Since titles like the shamelessly McDonalds-themed Global Gladiators on Mega Drive gamers have become increasingly resistant to advertising. How can you be sure situation placement isn't going to turn people off in the same way?
Bartlett: Consumers live with static branding in practically every waking minute of their lives, and even with the advent of so-called ambient media, it just doesn't have the same impact anymore. Consumers have developed a naturally inbuilt propensity to screen out static advertising, and a recent consumer study by mediaedge:cia even went so far as to report that 40% of UK consumers actively avoid advertising.
With situation placement we make the brand or product an active part of the gameplay experience, which not only guarantees a captive audience, but uniquely it enables us to actively demonstrate to the consumer the qualities and the benefits of a product.
It's critical here to understand the difference between passive demonstration such as watching a sports person or a film character interacting with a product on a screen or in a magazine, compared with an active experience where the consumers themselves use the product.
At the most basic physiological level, this extra sensory input helps the brain make those vital object recognition links much more effectively, but even on a more nebulous brand recall level, being able to integrate a product so specifically into such an engrossing medium as videogames, particularly given the range of demographic profiles we have as gamers today, is a dream come true for most brand managers. The all-important 15-35 male consumer has simply dropped off the radar for many.
Why should gamers be excited about what you are doing?
Bartlett: The gamer has been our first consideration from day one. To put it bluntly, if you piss the gamer off you risk potentially permanent damage to the host brand, the partner brand and ultimately the industry as a whole. It's very dangerous for publishers and brands to be 'dipping their toes' into this market as they could easily do more damage than good. As lifelong gamers, and award winning ex-developers ourselves, we simply wouldn't undertake a placement that ultimately proved detrimental to the game experience.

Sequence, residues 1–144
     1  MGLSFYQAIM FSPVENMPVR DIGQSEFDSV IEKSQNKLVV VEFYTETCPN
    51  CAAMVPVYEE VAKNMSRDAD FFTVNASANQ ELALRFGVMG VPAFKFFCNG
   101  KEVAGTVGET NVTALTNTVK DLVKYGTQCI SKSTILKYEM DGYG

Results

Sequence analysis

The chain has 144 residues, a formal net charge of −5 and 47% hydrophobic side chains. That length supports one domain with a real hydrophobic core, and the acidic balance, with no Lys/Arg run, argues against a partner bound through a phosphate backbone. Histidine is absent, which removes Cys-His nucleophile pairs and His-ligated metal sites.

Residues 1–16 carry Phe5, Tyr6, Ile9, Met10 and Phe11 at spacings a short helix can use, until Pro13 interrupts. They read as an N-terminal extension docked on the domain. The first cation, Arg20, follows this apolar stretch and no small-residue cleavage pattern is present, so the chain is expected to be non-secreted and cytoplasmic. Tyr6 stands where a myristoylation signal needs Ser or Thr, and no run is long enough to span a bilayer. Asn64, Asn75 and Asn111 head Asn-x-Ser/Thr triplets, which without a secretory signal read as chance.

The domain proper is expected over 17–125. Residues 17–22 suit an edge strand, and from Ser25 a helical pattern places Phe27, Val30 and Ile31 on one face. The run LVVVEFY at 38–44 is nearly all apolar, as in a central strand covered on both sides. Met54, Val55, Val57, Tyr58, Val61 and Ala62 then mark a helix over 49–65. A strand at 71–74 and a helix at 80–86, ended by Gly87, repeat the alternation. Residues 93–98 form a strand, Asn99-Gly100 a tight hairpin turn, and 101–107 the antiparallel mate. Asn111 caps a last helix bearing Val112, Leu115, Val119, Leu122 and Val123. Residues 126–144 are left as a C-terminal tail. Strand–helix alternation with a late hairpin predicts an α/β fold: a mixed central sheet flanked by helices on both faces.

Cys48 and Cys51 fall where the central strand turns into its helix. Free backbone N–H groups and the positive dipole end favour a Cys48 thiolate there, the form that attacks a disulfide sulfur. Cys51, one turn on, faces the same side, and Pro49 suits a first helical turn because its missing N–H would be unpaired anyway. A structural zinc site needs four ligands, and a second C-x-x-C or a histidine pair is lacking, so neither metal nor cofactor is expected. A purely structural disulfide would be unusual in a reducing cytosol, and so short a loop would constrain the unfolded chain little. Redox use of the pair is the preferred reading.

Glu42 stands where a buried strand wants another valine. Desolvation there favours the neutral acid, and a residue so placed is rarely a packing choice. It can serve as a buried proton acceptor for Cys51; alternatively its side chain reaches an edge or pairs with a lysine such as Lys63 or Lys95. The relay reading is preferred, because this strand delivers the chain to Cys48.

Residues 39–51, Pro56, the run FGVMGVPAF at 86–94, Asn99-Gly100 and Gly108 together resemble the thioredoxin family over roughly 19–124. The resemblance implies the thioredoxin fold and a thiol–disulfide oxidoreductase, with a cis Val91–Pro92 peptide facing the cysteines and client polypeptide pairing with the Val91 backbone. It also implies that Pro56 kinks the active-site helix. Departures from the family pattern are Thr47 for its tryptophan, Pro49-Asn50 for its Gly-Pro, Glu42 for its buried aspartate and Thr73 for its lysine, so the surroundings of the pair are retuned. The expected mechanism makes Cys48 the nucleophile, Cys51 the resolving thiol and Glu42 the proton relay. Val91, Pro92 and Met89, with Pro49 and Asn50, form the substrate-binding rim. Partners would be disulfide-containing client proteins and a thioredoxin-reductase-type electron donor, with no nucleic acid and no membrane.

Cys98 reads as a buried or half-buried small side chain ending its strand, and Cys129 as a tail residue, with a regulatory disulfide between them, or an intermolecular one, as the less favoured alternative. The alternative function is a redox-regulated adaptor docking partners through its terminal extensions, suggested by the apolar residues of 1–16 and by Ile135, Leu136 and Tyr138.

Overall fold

Our immediate aim is to create compelling and complementary brand-funded additional game content, but our longer term aim is to drive sector growth to a stage where publishers can almost guarantee a certain amount of revenue from product placement and brand partnerships from concept stage, allowing them to take on more commercially risky, but creatively innovative products that are so lacking in this consumer-driven market.
I can also foresee a point in the near future, particularly next-gen and with the gradual proliferation of broadband and online where we will see 'free' brand-subsidized add-on content and even standalone titles.
How do you see your strategy benefiting the UK games development scene particularly, which has suffered numerous studio closures over the last couple of years?
Bartlett: As I've said, this all came out of my work looking at reliable new revenue streams for developers and publishers, so this whole concept has been driven initially from a development perspective. It's no secret the UK development scene has had a rough 18 months, but from what we are seeing in our talks with the remaining development talent, I do think we have seen the worst and are entering slightly more stable times.
Obviously giving developers a significant new revenue stream is going to be a big help, but there are also numerous secondary benefits, including additional game content that would not have been possible without direct advertiser funding, increased consumer awareness of their products through mainstream brand partnerships and eventually I hope we will see publishers making faster and more creatively left-field commissioning decisions based upon these opportunities.
On the most part the UK industry has been very proactive and excited about what we are doing, but people, and in particular developers are always slightly suspicious of agencies, regardless of their backgrounds or credentials. I think the groundbreaking work we have done with Rebellion and Team 17 has gone a long way to allaying the fears of the minority, and I hope that will only continue when people see our forthcoming placements and partnerships.